Reminiscere—Lent 2 2018 (Mt 15:21–28)

Reminiscere—Lent 2 (Mt 15:21–28)

Immanuel Lutheran Church—Bremen, KS || AUDIO
Bethlehem Lutheran Church—Bremen, KS || AUDIO


((5. Oops!: This is a hard text, because of Jesus!))

This is a hard text—our Gospel text. It’s not hard because of the woman, that she won’t take a hint, that she’s just too pushy, too demanding. She’s an outsider. Canaanite. Gentile dog of a woman. Lays claim to “Lord, Son of David.” Who does she think she is?

But it’s not the woman that makes this a hard text. The disciples are in some sense moved by her unending cries for help and mercy, but that’s not what gets them to speak up. What gets the disciples to finally speak up is the silence. Jesus’ silence. Jesus, the Word of God, is silent. “He did not answer her a word.” The disciples seem a bit embarrassed by Jesus’ lack of action, and maybe we’re embarrassed, too! It’s a hard thing to witness. “Don’t you hear her, Jesus? Can’t you see her distress? Her child’s demon-possessed. If you won’t say anything, then we’ll help you and her out by getting the ball rolling. Look, now, ‘she’s crying out after us!’ Say something! Do what she asks! ‘Send her away!’” It may even seem to us that Jesus is the opposite of our Sunday today. Not “Reminiscere” (“remember”) but forgotten who He is.

((4. Ugh!: It’s worse than just ignoring the woman.))

Nothing but silence from Jesus. But the silence isn’t nothing because it’s Jesus’ silence. But it gets deeper and darker than just silence. When Jesus finally does speak, the bottom falls out of the silence. “I was sent only to the lost sheep of the house of Israel.” All that’s left after that is the woman’s raw and desperate cry for help, “Lord, help me!”

We’d expect Jesus to finally help. He’d helped others with far less goading. Here she claims, “Lord” once again. Then Jesus pushes the emptiness of her need to nothing but emptiness, nothing left of any claims. She has no claim: Gentile. Claims are based on rights, on what’s fair. Jesus lays that out for her. She has no claim. No right. Canaanite. Gentile dog. “It’s not fair to take the children’s bread and throw it to the dogs.” Did Jesus ever speak more brutal words?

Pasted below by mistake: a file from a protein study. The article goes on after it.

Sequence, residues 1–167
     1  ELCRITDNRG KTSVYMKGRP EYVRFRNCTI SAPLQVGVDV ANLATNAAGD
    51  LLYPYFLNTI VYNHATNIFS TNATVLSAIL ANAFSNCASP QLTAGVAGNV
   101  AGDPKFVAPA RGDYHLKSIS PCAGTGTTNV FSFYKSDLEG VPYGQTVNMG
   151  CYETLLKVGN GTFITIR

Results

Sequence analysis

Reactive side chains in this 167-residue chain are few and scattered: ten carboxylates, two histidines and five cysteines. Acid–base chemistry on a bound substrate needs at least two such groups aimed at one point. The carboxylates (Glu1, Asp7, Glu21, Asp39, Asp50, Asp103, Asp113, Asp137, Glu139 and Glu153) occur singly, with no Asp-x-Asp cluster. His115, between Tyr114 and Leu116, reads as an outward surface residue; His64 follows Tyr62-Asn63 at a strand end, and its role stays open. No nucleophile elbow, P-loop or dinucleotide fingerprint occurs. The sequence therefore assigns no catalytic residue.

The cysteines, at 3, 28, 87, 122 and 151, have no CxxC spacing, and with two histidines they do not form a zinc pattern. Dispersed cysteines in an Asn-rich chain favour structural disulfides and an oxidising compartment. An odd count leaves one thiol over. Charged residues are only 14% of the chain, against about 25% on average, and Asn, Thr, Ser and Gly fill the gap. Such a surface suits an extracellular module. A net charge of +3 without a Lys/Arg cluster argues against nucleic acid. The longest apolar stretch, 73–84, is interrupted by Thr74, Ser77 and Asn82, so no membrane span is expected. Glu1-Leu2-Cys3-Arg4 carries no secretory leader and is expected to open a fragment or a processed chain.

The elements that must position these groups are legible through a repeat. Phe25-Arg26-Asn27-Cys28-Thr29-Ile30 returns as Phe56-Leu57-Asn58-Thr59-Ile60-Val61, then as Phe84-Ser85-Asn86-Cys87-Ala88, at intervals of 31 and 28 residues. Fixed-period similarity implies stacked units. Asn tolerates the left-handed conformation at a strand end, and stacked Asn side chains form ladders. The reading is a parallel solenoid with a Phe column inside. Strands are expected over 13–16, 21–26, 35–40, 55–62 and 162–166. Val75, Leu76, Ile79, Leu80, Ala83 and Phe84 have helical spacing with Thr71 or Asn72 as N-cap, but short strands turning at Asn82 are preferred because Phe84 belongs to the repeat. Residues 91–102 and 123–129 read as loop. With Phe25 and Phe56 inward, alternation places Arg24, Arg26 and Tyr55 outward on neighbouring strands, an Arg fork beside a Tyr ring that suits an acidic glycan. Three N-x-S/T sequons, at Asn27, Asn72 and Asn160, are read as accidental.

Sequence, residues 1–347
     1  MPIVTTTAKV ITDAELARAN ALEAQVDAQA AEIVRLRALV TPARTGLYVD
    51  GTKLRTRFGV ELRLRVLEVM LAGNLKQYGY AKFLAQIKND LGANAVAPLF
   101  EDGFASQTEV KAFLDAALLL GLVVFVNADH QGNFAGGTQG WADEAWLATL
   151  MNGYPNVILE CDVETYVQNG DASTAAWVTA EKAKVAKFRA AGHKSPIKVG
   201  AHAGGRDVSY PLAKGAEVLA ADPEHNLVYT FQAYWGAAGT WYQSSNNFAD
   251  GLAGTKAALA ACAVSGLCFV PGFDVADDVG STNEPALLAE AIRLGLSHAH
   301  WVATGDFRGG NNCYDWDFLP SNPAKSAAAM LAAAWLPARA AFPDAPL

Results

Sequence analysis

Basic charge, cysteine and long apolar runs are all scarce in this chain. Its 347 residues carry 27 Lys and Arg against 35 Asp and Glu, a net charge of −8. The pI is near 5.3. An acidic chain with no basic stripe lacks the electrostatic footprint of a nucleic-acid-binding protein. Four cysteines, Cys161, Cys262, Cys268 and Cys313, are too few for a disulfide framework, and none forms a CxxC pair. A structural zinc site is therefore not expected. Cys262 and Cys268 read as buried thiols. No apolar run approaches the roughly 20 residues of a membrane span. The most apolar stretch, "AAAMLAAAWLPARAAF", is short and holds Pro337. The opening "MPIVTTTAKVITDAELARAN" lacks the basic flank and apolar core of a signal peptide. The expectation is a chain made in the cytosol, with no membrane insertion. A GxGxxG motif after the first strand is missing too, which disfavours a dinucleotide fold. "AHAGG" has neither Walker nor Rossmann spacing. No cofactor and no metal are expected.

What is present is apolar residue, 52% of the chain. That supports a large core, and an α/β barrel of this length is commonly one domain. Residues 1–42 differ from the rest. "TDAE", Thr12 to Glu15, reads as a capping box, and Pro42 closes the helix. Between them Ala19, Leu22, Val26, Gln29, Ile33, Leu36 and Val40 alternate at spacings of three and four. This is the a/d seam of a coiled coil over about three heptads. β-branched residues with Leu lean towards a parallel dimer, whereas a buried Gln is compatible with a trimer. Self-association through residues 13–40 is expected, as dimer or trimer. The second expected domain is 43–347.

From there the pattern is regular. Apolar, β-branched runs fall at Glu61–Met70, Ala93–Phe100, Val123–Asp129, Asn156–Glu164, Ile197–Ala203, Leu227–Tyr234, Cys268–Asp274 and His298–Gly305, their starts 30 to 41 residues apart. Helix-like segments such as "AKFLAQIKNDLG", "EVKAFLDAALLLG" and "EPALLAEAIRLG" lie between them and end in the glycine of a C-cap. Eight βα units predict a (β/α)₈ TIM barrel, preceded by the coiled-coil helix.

((3. Aha!: Jesus gets trapped in His Word.))

Jesus’ Word simply wipes this woman out. But then these words, along with the woman, come back to Jesus, up out of the bottomless emptiness. “Yes! Yes, Lord!” How can she say “yes?” Her “yes” runs with Jesus’ Word, agrees with Him. That’s faith! He can’t back out now. “Yes, I’m a dog, if you say so Lord.” She traps Jesus in His own Word! “But even the dogs get the crumbs.” Jesus loves to be taken captive like this, taken captive by His own Word. “O woman, great is your faith!”


Jesus has not forgotten to be Jesus. He knows who He is, but this text is all about faith. What’s in her claim of “Lord”? To try and get what we need from Jesus isn’t yet faith. Could be the opposite of faith! So, Jesus is merciful and won’t rest until He’s pulled this woman to faith. He pushes her to the nothing of nothing but being given to. That’s faith. And there, then, all of Him. More than all the emptiness of all our needs.